Bending the facts, MacShane style

EUROPE minister Denis MacShane turned history on its head over the weekend as he attacked Douglas Carswell, the Tory candidate for Harwich, who has reiterated his belief that he would rather the UK quit the European Union instead of being incorporated into a Brussels superstate.

EUROPE minister Denis MacShane turned history on its head over the weekend as he attacked Douglas Carswell, the Tory candidate for Harwich, who has reiterated his belief that he would rather the UK quit the European Union instead of being incorporated into a Brussels superstate.

Mr MacShane hit out: "Calls for an independent Britain outside the EU constitute language never before heard from a major British party aspiring to govern Britain."

Totally wrong - the Labour Party election manifesto of 1983 called for Britain to quit the then European Economic Community. Labour was hysterically anti-Europe until Neil Kinnock - who went on to make a nice living out of being a European Commissioner, with Lady Kinnock still collecting a Euro MP's salary - steered Labour towards European involvement as the Tories headed in the opposite direction.

Back to Mr Carswell. He may be out of synch with Michael Howard and the rest of the Shadow Cabinet, but he's probably more in tune with grassroots Tory thinking than Mr Howard dare admit.


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In the unlikely event of Britain voting `yes' in next year's referendum to sign up to the proposed European constitution, the Conservatives could fracture. The party's slogan "In Europe, not run by Europe" is so illogical that it would not stand the test of British participation in the Constitution, especially if the Government was emboldened to seek membership of the euro.

But there will only be a `yes' vote if Tony Blair and Denis MacShane - should they really believe Britain should be a full and active partner in a politically cohesive European Union - go on the offensive instead of whimpering in the background so the voters can't hear them.

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Meanwhile, the THE proposed European Constitution may be unpopular with British voters but it is unlikely to feature high on the election radar. But that's not stopping

the Suffolk and North East Essex branch of Britain in Europe shames the Government by getting ready to campaign for a `yes' vote in the constitution referendum - and it's chosen from holding a public meeting in the Bury St Edmunds constituency during the General Election hustings to get into gear.

Britain in Europe is stuffed full of high ranking pro-European Tories such as Sir Edward Heath, Kenneth Clarke and Ian Taylor who work alongside Baroness (Shirley) Williams and Lord (Neil Kinnock) to extol the virtues of full British participation in the future of the European Union.

So in to StowmarkeStowmarket t's Cedars Hotel on April 7 will go David Stephen, Director of the European Movement, will urgeing histhe happy band of Europhiles to prepare for the referendum campaign on whether the UK should ratify the constitutions.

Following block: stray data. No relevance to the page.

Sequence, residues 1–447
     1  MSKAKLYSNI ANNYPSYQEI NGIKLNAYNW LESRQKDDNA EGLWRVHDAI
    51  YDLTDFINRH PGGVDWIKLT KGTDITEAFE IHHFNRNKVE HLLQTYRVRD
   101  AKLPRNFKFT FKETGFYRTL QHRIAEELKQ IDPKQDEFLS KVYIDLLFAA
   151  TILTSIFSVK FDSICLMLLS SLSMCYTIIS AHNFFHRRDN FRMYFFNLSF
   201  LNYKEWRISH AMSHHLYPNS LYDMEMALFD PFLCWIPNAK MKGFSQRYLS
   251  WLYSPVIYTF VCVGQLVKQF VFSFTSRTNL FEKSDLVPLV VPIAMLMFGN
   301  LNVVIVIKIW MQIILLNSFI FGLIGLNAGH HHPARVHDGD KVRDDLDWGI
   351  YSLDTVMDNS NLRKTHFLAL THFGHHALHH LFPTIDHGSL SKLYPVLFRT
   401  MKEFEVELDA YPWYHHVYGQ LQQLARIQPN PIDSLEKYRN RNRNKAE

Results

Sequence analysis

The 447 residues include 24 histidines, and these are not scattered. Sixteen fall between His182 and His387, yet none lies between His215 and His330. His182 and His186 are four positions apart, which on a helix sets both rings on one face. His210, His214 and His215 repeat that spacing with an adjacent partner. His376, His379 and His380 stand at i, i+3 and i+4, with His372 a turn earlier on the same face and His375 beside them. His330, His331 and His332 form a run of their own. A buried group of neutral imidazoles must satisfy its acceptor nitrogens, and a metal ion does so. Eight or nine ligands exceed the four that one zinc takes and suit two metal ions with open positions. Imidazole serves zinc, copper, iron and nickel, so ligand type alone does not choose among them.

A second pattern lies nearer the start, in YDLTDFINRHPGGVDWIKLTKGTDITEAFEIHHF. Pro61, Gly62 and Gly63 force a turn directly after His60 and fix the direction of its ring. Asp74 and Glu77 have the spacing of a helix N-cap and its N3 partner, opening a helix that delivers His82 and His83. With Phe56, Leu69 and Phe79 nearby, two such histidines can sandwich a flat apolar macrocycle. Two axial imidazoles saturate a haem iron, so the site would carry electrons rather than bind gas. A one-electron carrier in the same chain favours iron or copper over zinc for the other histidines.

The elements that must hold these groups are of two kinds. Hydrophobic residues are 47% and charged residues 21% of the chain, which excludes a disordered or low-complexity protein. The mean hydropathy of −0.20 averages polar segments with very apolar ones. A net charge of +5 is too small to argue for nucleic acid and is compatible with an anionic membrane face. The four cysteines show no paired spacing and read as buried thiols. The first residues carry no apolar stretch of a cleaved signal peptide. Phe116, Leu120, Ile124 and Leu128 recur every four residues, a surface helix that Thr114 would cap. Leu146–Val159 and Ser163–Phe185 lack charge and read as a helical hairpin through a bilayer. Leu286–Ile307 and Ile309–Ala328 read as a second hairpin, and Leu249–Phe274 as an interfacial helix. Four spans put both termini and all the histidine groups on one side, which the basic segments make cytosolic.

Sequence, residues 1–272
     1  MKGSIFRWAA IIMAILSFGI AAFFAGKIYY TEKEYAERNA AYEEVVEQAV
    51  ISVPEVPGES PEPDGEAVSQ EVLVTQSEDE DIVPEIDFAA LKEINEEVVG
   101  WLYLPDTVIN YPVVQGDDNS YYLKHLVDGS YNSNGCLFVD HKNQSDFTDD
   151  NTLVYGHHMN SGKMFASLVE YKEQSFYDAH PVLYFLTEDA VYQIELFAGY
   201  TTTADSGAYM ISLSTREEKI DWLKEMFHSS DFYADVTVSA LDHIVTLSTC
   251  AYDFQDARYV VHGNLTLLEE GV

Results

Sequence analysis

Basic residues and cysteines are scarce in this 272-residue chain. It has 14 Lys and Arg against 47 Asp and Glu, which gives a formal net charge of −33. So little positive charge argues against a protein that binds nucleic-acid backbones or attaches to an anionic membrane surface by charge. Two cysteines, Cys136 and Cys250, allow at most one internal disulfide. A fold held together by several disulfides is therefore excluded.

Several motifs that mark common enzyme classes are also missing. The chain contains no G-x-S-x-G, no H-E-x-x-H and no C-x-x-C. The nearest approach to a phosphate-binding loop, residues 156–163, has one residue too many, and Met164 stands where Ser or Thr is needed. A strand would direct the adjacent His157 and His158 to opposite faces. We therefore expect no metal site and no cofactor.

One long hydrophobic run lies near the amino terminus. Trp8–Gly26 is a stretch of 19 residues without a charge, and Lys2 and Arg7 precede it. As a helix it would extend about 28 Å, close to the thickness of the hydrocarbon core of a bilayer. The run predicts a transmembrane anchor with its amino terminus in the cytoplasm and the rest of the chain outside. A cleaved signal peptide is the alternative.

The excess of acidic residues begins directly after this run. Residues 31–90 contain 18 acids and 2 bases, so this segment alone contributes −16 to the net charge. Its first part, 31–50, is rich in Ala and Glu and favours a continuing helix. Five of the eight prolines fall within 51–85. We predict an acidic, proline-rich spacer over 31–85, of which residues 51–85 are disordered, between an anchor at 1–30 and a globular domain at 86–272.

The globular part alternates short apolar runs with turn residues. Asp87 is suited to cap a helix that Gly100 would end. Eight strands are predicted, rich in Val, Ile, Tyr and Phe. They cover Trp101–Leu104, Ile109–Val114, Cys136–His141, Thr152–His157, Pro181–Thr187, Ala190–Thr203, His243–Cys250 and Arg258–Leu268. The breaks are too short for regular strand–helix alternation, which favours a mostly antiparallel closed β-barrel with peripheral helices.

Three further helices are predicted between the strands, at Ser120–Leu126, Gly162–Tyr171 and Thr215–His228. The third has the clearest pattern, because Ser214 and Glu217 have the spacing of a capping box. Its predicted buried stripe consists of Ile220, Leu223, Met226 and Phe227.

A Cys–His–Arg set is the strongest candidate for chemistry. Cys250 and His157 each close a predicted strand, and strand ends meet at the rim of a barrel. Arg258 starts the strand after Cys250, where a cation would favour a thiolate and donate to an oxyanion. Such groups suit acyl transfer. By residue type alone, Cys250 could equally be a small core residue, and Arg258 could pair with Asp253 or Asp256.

The region's leading European supporters Andrew Duff (Liberal Democrat Euro MP) and John Gummer (Tory MP for Suffolk Coastal) have been invited as members prepare to revive the framework organisation Suffolk in Europe which will be responsible for delivering a "yes" vote in the county.

Local groups will be set-up, consisting of political activists and representatives of trades unions, churches, and women's and youth organisations. Anyone interested in helping should e-mail David Houseley at david@pilgrimbooks.com with their details.

AS Europe gets ever more involved in our lives, it's a great pity that that great British institution the boat train seems to have finally bittern the dust.

Over the years, those icons of the steam age the Orient tt Golden Arrow to Dover and the Irish Mail to Stranraer have been withdrawn and the new One timetable has seen the death knell of the specialiased services to Harwich International.

In the post war years, when West Germany had tens of thousands of national servicemen within its borders, the ferry crossing from the Hook of Holland to Harwich was a quick and convenient way to get home.

From Harwich, the boat train would pull into Colchester to pick up servicemen based at the garrison before starting the night haul across the UK to Peterborough, Nottinham, Sheffield, Manchester, Preston, Carlisle and Glasgow. The return journey through the day connected with the night ferry across the North Sea

Gradually, that journey was truncated, firstly termingating at Manchester, then Nottingham, and finally being reduced to a diesel service from Cambridge. Even that vestigate of our railway heritage has disappeared, with a merely shuttle service twice a day linking Ipswich with Harwich.

The London trains have also gone, passengers for the Hook of Holland, Germany and Denmark ferries being forced on to a local stopping service.

We may be heading for political integration with our European neighbours, but it seems cheap flights and greater use of cars have spelled the end of the boat train.

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